I was hopeful that the belligerent words would calm down, and for the moment, they have. But I suppose those that set them in motion might do so again. Even so, there are often world events that are of concern.
Here's the thing: The nuclear genie is out of the bottle. I never dreamed a civilian nuclear reactor would melt down after the wake-up call of Three Mile Island. Nevertheless we've now had Chernobyl and three of the Fukushima reactors contaminate large areas. In fact, there is ongoing groundwater contamination at the Fukushima nuclear site... That's plenty of contamination, even without intentionally detonating nuclear weapons.
When the Cold War-style rhetoric recently began flowing from major news media, I got alarmed enough to think someone might be silly enough to launch ICBMs. How would the average guy know if nuclear-armed countries were about to launch missiles? If the worst happened, I would certainly be downwind of several likely targets. My area wouldn't be harmed directly by a blast (who wastes nukes on places where people go camping?), but we would be downwind, and subject to radioactive fallout.
What is fallout? This is the debris (the crap in the mushroom cloud) generated by a nuclear blast. When a ground-level nuclear explosion happens, you get millions of degrees of temperature and you get an insane amount of neutrons from the fission process. The neutrons get captured by whatever atoms are nearby (like the soil, thereby making it radioactive), and the heat generates a fireball that vaporizes the now-radioactive soil. There are also two radioacive fission products from the weapon itself, which are dangerous from a bio-accumulation standpoint, Cesium 137 and Iodine 131.
As the insanely hot mushroom cloud rises and cools, it lofts these radioactive particles up to cloud levels. The radioactive particles then can fall out (fallout - get it?) downwind. The particles can settle as dust or combine with moisture and rain out - often hundreds of miles from the detonation. That's fallout.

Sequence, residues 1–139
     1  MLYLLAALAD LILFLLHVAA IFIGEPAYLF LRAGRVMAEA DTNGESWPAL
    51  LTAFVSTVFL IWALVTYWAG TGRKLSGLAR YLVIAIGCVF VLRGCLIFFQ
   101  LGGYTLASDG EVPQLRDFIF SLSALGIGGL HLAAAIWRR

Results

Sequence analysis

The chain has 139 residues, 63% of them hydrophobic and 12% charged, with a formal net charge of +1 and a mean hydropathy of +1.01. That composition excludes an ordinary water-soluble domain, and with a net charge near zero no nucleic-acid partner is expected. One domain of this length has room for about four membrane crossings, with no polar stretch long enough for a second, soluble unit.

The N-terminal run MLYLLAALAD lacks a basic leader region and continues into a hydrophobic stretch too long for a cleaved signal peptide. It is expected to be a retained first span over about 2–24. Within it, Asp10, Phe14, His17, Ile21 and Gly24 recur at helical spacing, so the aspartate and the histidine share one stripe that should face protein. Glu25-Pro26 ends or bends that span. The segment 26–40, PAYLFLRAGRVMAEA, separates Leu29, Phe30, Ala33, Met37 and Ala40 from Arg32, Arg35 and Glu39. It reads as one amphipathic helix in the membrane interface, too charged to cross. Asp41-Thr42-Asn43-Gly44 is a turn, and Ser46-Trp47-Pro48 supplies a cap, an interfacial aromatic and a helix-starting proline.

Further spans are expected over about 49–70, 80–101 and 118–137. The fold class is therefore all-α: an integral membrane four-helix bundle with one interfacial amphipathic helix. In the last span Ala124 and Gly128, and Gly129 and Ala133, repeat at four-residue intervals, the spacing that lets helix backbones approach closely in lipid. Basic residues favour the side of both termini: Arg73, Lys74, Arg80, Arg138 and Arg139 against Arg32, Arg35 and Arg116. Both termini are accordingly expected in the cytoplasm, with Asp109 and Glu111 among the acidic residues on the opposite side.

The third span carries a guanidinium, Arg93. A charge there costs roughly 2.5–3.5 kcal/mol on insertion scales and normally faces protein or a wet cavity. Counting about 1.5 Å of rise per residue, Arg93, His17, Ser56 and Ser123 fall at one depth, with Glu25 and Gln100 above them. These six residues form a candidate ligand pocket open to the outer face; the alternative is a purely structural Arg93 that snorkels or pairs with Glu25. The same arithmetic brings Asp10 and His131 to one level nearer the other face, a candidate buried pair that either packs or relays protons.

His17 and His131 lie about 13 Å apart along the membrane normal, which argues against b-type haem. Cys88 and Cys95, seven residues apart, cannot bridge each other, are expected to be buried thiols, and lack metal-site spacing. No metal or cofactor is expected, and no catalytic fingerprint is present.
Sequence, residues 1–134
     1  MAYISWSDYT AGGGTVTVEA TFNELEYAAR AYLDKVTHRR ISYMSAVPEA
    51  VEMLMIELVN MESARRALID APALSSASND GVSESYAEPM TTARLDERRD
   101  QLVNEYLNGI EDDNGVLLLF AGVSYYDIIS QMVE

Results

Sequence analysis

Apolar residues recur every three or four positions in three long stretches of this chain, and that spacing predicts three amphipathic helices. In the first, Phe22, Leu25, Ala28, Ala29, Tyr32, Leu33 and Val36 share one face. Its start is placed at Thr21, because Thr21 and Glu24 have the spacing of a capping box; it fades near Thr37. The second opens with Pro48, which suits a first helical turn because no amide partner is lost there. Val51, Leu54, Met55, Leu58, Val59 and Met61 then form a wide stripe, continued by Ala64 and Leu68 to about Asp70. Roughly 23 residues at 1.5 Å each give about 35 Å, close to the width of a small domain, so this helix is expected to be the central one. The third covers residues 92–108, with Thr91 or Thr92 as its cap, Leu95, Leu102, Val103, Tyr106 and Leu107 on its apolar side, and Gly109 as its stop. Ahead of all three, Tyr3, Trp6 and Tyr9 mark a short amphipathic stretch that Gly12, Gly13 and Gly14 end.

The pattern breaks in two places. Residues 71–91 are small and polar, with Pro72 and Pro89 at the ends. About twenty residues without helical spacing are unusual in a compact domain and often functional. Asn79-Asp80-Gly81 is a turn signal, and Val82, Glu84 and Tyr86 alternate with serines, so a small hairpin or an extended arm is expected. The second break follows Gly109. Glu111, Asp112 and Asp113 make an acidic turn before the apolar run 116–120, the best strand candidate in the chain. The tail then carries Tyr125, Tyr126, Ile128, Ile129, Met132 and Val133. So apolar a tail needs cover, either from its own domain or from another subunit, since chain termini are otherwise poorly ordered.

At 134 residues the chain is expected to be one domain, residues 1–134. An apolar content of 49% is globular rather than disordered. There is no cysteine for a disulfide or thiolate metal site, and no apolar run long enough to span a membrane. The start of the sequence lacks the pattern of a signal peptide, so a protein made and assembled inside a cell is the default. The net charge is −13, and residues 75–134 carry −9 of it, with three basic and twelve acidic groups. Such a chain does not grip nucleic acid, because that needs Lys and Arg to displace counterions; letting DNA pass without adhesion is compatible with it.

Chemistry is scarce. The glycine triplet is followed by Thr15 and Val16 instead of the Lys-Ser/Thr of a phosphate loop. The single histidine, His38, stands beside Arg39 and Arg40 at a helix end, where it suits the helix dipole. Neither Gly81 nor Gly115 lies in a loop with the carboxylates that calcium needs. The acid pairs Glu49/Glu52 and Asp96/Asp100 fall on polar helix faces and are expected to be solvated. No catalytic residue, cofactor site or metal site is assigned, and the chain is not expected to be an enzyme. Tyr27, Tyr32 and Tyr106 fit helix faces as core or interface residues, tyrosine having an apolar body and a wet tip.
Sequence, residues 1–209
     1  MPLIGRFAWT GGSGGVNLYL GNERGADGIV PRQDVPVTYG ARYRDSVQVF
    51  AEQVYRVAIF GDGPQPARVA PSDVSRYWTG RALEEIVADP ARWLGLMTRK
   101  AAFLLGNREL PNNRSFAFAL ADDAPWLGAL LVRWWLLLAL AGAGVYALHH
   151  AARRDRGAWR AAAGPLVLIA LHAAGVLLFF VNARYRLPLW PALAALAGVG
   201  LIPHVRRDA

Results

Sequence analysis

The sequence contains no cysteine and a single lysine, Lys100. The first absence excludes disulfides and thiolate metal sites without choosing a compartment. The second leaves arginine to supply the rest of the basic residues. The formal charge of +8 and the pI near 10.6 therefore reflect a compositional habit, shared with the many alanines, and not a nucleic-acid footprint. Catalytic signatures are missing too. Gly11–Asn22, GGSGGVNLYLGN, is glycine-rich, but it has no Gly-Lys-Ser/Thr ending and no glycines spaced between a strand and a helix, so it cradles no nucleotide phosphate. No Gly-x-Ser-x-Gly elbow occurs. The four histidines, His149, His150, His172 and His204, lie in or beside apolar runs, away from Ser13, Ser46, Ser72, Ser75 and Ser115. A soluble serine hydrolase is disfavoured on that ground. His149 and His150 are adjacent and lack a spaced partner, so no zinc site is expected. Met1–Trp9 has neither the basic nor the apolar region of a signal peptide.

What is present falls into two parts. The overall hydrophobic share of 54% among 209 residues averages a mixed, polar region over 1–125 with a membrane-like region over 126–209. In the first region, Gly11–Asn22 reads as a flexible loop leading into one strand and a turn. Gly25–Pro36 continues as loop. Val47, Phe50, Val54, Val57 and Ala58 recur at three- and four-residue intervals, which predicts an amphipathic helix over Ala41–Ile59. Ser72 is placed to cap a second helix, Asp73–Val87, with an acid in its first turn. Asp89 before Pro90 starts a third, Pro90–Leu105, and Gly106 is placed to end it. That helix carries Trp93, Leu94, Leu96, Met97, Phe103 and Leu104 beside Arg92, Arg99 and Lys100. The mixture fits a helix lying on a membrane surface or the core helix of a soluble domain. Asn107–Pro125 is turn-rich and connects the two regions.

Fallout will contaminate crops, making them inedible if the food cannot be cleaned off, or if the crops absorb the radioactive particles into the plant structure. Cattle eating fallout-contaminated grass would have radioactive milk, and their meat can also become too contaminated to eat. Wildlife of course can also be contaminated. There are reindeer in Lapland that are too contaminated to eat 30+ years after Chernobyl, due to their eating of contaminated forage.
Children are more susceptible to radiation-induced cancers than adults. Children have rapidly-developing bodies, and their cells are rapidly multiplying as they grow. It is generally understood that this rapid cell growth leads the immune system to be much less cognizant of abnormally growing cells, such as cancer. Furthermore, children have a longer lifespan for radiation-damaged cells to become cancerous. For this reason it is of the utmost importance to minimize radiation exposure of pregnant women and children. Aged men are best for tasks requiring radiation exposure.
There are some things to understand if you hope to survive a nuclear war or radioactive release - yes it's possible to survive a nuclear attack. Many people who were not in the blast zones at Hiroshima and Nagasaki survived the radiation and the fallout - and they had no knowledge about the nature of what happened. If you are prepared, things will be more likely work out in your favor - as with most things in life!
Let's discuss what you need to do to prepare, and why. Many of these apply to most natural disasters as well, so take a little time to protect your family from those as well.
The first assumption is that you aren't in a blast zone. If you are in a blast zone, take care of your immediate survival and medical needs first. There is a high probability that if you are not instantly incinerated, you might be injured/burned or irradiated. Take care of these acute issues, then see how your other preparations (below) have fared. You should own at least a first aid kit. Bigger is better, and buy a lot more bandages than they come with.